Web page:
American women have served on the front lines of the battlefield since the United States declared itself an independent nation. Women disguised as men served in order to fight on the battlefields of the Revolutionary War and Civil War, and as formal members of the military in an increasing number of roles from World War I to Vietnam. Each generation of women that served volunteered to support and defend their country in eras when women working outside the home was uncommon or even frowned upon. Here are some of the stories of women who served from the Revolutionary War to the Vietnam War, paving the way for others to serve in front-line combat today.

The Revolutionary War

Deborah Sampson was the first American woman to serve in combat arms. She joined the Continental Army disguised as a man under the pseudonym of Robert Shurtleff in the spring of 1781 — 167 years before women would be a regular part of the U.S. military, and 232 year before the lifting of the combat exclusion ban.

As Sampson’s first mission, she was sent to conduct reconnaissance on amassing British troops in Manhattan. She would see combat in the Battle of Yorktown, and then in again in 1782 in hand-to-hand, bayoneted combat near Tarrytown, New York. She was shot in the thigh during this skirmish, and removed the musket ball herself so that her sex would not be discovered by a doctor. Sampson eventually returned to full duty, and served until the Treaty of Paris was signed in 1783. She received an honorable discharge, and returned to her home of Massachusetts, where she returned to traditional life and married and had three children.

In 1792, Sampson petitioned the Massachusetts State Legislature for back pay from the Continental Army. Remarkably, her petition was approved, and the General Court of Massachusetts not only verified that she had served, but wrote that she “exhibited an extraordinary instance of female heroism by discharging the duties of a faithful gallant soldier.”

The Civil War

Hundreds of women are known to have disguised themselves as men in order to serve in the American Civil War, and the number who actually served is likely to be much higher due to the fact that many women served undetected and returned to traditional roles following the war. The majority were enlisted, and joined for a wide array of reasons. Some joined out of patriotism, devoted to upholding their cause of supporting either union or secession. Other women were drawn to the generous enlistment bonus and monthly pay that far exceeded anything they could make as factory workers or seamstresses. Finally, some women followed beloved male relatives — husbands or brothers — who were often the only family they had.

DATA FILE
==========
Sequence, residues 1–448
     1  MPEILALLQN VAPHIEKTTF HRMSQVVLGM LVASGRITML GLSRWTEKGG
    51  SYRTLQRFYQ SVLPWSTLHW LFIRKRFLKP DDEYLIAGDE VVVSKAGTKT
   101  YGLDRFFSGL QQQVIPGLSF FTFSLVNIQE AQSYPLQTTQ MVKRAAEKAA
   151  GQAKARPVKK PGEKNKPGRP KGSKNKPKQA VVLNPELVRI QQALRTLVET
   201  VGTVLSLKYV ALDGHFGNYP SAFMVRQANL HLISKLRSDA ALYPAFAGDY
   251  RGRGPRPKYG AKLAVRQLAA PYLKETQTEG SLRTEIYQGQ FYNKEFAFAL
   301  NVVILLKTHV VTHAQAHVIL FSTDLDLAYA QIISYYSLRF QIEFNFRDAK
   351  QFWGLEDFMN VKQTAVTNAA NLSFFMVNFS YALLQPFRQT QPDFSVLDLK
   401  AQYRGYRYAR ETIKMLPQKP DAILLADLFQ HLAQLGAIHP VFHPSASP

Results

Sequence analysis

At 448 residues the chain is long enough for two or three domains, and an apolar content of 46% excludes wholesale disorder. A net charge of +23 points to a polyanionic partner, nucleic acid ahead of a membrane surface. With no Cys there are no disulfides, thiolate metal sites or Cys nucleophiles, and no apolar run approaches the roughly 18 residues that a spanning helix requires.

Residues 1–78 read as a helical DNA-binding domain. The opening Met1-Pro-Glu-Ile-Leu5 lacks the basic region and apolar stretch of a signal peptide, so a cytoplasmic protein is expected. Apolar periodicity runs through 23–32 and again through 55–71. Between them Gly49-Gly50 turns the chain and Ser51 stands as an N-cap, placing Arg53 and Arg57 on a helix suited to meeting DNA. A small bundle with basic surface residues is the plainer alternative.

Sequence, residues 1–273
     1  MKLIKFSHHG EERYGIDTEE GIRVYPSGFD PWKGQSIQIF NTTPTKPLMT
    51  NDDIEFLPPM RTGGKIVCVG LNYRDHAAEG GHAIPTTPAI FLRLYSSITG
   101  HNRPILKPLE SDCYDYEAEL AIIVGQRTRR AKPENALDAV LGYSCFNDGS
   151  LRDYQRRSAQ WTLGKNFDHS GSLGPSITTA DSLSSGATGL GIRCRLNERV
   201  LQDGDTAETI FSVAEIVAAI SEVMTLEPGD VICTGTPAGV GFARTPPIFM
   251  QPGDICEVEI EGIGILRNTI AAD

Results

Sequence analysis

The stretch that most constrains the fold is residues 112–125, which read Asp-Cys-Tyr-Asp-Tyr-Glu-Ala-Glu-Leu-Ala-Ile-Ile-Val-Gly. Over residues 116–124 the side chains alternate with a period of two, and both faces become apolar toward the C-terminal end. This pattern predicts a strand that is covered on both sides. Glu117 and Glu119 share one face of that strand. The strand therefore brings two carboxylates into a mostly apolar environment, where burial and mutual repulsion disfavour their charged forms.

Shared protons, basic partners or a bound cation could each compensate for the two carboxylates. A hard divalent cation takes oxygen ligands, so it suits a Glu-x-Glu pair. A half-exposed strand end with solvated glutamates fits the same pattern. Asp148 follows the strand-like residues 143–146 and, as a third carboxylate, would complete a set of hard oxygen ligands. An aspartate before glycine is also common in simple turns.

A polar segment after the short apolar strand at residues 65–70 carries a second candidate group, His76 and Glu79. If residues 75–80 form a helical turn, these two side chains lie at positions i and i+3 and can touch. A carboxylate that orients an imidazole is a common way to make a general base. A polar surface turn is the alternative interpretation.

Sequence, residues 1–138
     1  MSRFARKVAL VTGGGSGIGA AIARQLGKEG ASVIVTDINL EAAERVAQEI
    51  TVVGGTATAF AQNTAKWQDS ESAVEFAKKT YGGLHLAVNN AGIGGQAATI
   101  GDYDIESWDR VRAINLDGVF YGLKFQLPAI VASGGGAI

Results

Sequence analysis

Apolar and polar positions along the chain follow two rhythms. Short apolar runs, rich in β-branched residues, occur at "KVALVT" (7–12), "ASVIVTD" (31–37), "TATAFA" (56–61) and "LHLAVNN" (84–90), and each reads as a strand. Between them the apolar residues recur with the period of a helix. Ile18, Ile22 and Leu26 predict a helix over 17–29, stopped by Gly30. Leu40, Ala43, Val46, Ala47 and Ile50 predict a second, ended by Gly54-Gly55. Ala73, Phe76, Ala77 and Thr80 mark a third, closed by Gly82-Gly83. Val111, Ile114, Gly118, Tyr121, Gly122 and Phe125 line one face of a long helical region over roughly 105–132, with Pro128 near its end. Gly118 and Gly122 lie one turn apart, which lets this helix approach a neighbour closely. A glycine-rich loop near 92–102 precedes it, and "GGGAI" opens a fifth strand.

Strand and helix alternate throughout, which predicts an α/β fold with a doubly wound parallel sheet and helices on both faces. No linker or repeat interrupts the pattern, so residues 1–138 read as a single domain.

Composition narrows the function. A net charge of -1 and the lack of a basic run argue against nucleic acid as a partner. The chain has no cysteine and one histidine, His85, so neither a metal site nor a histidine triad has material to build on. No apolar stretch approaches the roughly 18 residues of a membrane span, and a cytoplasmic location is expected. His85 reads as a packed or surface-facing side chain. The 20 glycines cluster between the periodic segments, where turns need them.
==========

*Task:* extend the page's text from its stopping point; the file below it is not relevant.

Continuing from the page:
Sarah Emma Edmonds, originally from Canada, ran away from an abusive family to the United States and fell in love with her adopted country, willing to risk her life to defend it. She would eventually pen her memoirs post-war in 1865, “Memoirs of a Soldier, Nurse, and Spy: A Woman’s Adventures in the Union Army.”

Sarah Rosetta Wakeman and Jennie Hodgers had both previously disguised themselves as men in order to obtain manual labor jobs in the years preceding the war. Both known as the shortest soldiers in their units, each would serve in numerous battles as soldiers. Wakeman wrote numerous letters home detailing her love of rushing at the enemy amid gunfire.

Both Edmonds and Hodgers would file for pensions following the war. Edmonds waited until several years after the war, when wartime injuries came to plague her. Hodgers continued to live as a man after the war in order to maintain her pension and continue to work. When her sex was discovered after an accident, the state of Illinois revoked her pension. In both Edmonds and Hodgers’ cases, their former comrades came to their aid, testifying that regardless of their sex these women had served with honor and deserved the benefits of any male veteran.